Cartier Launching E-Commerce in U.S. - Cartier is launching e-commerce in the U.S. today, a key initiative in the fine jewelry and watch industry, which until recently has been wary of the virtual marketplace. Emmanuel Perrin, Cartier North America president and chief executive officer, said the demand for online selling is too great to ignore. Branded fine jewelry and watches are fairly new to the buying on the Internet, partly because a lot of the merchandise sold online in the U.S. involves counterfeit, diverted or gray goods offered at lower prices. However, advanced technology — Tag Heuer, for example, has created a special hologram to denote an authorized e-tailer — has enabled more brands to get in on the act. In recent years, De Beers, Bulgari, Harry Winston and Boucheron began selling jewelry and watches on their Web sites. Cartier launched e-commerce in Japan in 2008. Last year, Cartier tested a “call-to-purchase” service on cartier.us, which was a step on the road to an e-commerce presence. Perrin predicted cartier.us will be one of the firm’s top five producing stores in the U.S. by 2012. The Web site offers styles from the firm’s multiple categories including jewelry and timepieces. High jewelry, corrective eyewear and engagement rings are not being sold online. The Web site offers accessories and fragrances with retail prices starting at $80 for a business card holder and ranging to as much as $16,000 for a piece of jewelry or a watch. The broad assortment of Cartier’s iconic Love, Trinity, Santos and Tank collections also will be sold.  <wwd.com>

Nike Brand Awareness Pushing 99% for Athletic Footwear Buyers - Even before the most recent Olympic Winter Games gave it yet more lift in the market place, the Nike brand was recognized by nearly 99% of all respondents to a recent survey conducted by The SportsOneSource Group as a component of its annual Brand Strength Report. Brand awareness was 98.8% among the consolidated respondent pool aged 13 years old and up that had purchased athletic footwear or apparel over the past year.  Somewhat surprisingly, the awareness level for female respondents was slightly higher than the male group, topping out at 99.1% awareness.  Adidas was second in brand awareness at 95.2% and Reebok/RBK brand awareness stood at 93.2%.  Converse (87.6%) and Puma (86.1%) rounded out the top 5. The brand awareness responses in the survey, which was conducted in late 2009, are a key component in the firm’s annual Brand Strength Report and the formulation of the Brand Strength Index.  The Brand Strength Index was formulated in early 2009 by The SportsOneSource Group in an effort to more effectively measure the overall consumer perception of a specific brand.  Each brand measured was tested across four main criteria, with those criteria each individually weighted to reflect their importance in the overall indexing formula.  <sportsonesource.com>

Even without sites customized for foreign markets, global sales are rising - Few U.S. retailers offer web experiences tailored to consumers in foreign countries, but many nonetheless are reaping online sales from abroad. 14.5% of the 75.2% of merchants selling internationally, which includes Canada, report that in 2009 more than 25% of their total web sales came from customers outside the United States, according to Internet Retailer’s new international e-commerce survey of 247 web-only retailers, chain retailers, catalogers and consumer brand manufacturers. 4.8% report 21% to 25% of sales came from outside the borders of the country, 7.0% report 16% to 20%, and 5.9% report 11% to 15%, the survey finds. 9.1% say 8% to 10% of 2009 sales were derived from international shoppers, 12.4% report 5% to 7%, 18.3% say 2% to 4%, and 28.0% report less than 2%. Of the 24.8% not selling internationally, 60.3% are assessing the viability of selling to consumers outside of the United States; and, of those merchants, 70.3% plan to start selling internationally within a year. According to the survey, however, only 18.6% of U.S. merchants offer a currency converter, 15.4% show the fully landed cost of delivering an item to the consumer’s door in local currency, 15.4% offer product content in a local language, 15.0% feature customer service content in a local language, and 14.2% offer telephone support in a local language. <internetretailer.com>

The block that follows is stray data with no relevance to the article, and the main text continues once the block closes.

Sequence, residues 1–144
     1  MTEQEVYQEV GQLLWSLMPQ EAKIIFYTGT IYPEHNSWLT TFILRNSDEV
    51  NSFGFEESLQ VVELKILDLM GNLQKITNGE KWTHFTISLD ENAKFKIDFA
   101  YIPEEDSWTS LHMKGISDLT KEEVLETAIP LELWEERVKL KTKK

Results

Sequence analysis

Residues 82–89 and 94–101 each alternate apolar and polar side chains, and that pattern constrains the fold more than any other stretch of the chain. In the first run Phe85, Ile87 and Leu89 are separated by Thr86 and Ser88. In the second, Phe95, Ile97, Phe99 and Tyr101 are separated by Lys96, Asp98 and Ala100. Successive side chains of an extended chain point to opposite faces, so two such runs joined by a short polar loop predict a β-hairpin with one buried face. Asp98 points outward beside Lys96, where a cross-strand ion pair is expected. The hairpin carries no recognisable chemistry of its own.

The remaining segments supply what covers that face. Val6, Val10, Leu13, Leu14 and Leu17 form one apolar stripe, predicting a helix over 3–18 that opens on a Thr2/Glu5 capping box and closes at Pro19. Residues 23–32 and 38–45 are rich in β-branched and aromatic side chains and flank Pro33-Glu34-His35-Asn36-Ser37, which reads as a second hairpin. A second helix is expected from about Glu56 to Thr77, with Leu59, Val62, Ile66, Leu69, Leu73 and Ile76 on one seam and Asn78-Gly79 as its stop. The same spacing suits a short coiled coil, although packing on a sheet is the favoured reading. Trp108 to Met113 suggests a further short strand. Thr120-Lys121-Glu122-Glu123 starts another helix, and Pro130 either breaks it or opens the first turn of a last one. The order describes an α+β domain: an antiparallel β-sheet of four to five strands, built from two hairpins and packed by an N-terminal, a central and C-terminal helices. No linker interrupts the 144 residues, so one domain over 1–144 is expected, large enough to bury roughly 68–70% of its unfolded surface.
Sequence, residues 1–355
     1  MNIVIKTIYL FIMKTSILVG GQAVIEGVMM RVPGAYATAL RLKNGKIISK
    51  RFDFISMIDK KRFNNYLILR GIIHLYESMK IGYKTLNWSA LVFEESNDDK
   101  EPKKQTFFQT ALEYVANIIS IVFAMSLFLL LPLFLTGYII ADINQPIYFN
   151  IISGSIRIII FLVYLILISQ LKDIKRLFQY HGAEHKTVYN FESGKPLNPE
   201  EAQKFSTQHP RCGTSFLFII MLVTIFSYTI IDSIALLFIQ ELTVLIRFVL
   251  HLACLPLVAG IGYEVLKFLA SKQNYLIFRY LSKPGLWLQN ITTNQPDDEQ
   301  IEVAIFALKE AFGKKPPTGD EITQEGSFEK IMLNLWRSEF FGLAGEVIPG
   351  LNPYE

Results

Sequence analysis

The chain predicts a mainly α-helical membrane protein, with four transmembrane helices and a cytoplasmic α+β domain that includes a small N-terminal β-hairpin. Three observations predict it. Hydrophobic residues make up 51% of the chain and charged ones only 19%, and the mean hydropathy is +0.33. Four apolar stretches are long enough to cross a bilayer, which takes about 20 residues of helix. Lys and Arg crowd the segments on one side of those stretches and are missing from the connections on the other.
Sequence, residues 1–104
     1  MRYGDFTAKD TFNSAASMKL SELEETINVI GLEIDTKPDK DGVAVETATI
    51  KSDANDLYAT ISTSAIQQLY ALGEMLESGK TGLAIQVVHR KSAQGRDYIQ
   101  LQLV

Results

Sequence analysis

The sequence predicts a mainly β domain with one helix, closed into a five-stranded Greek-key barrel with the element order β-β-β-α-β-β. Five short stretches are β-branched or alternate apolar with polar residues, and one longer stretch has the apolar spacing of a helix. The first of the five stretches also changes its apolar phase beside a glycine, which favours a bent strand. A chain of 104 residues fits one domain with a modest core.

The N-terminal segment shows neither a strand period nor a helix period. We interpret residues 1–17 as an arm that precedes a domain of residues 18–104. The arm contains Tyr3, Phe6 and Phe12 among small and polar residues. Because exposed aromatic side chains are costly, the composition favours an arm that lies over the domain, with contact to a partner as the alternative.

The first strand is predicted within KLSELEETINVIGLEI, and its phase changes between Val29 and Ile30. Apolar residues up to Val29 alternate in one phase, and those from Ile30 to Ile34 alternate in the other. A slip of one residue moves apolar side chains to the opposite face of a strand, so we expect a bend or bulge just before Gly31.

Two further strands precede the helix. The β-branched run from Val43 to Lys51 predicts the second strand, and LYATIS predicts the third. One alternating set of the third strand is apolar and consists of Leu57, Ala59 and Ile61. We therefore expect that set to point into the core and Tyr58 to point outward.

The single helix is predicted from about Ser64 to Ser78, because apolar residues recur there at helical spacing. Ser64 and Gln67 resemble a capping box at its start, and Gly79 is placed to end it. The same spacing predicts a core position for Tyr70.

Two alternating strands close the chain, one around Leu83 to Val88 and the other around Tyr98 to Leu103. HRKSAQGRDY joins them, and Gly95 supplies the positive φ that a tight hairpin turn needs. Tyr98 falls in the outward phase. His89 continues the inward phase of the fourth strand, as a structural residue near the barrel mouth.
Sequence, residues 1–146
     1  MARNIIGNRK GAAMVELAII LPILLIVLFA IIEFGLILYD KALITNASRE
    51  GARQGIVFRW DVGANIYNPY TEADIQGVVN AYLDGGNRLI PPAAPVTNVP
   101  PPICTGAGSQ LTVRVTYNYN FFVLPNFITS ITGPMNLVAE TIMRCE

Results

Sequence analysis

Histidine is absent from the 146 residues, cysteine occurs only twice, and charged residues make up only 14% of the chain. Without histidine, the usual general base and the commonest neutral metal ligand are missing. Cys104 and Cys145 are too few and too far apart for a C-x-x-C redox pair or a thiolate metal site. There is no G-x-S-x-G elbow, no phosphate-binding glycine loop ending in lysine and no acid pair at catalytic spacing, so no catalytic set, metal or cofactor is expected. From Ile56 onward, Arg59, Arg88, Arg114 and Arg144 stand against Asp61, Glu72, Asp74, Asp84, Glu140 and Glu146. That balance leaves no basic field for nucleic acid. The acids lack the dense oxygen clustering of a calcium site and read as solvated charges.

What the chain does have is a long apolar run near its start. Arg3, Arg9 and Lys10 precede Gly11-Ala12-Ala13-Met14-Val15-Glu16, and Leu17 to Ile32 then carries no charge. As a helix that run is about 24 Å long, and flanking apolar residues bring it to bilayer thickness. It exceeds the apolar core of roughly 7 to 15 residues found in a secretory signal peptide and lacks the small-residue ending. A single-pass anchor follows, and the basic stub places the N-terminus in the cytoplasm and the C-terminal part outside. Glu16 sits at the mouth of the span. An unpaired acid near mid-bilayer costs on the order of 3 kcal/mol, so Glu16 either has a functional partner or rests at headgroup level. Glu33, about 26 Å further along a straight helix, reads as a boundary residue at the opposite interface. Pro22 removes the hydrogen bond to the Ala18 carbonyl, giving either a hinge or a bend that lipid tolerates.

E-retailers make gains in multiple customer service channels, study finds - Online retailers posted gains in just about every area of customer service—from e-mail to self-service to contact center—according to a test by eGain Communications Corp., a provider of customer service software. Analysts conduct the test annually by “mystery shopping” the web self-service and contact center customer service at 175 companies spread across eight industries—financial services, retail, communications, consumer goods manufacturing, insurance, health care and pharmaceuticals—in the U.S. and Canada. Online retail’s overall service score was 2.3, up from 1.8 a year earlier. The average score across all industries was 1.8. eGain considers scores less than 1.0 poor; less than 2.0 below average; less than 3.0 above average; and 3.0 or better exceptional. “Retail sector performance was a bright spot in this year’s ‘mystery shopping’ customer service research,” says Anand Subramaniam, eGain vice president of marketing. “However, channel silos still remain across knowledge, policy and process.” Following are online retail’s customer service scores in each evaluated category, along with the previous year’s score:

  • E-mail: 3.0, up from 2.5
  • Self-service: 2.4, up from 1.9
  • Choice: 2.3, up from 2.0
  • Cross-channel: 1.9, up from 0.9
  • Cross-agent: 1.9, down from 2.0
  • Telephone: 2.7, n/a


Americans Say Jobs Top Problem Now, Deficit in Future - Unemployment now stands alone as the top issue in Gallup's latest update on the most important problem facing the country. Thirty-one percent of Americans mention jobs or unemployment, significantly more than say the economy in general (24%), healthcare (20%), or dissatisfaction with government (10%).

R3: Revisions Revisited - G1
This month, unemployment overtook general mentions of the economy, as the percentage naming unemployment held steady at 31% while the mentions of the economy dipped from 31% to 24%. Unemployment, the economy, and healthcare have been the top three cited problems each month since last May.

R3: Revisions Revisited - G2
The economy had ranked No. 1 in Gallup's monthly most important problem measure since February 2008, when it overtook the Iraq war. The war in Iraq had been the top issue (or tied for the top) each month since April 2004. Thus, unemployment's position at the top of the list marks the first time in six years that something other than Iraq or the economy in general has led Americans' list of national concerns. More broadly, the economy's struggles are apparent, as 66% of Americans mention some economic issue as the nation's most important problem. At least half of Americans have done so each month since March 2008. <gallup.com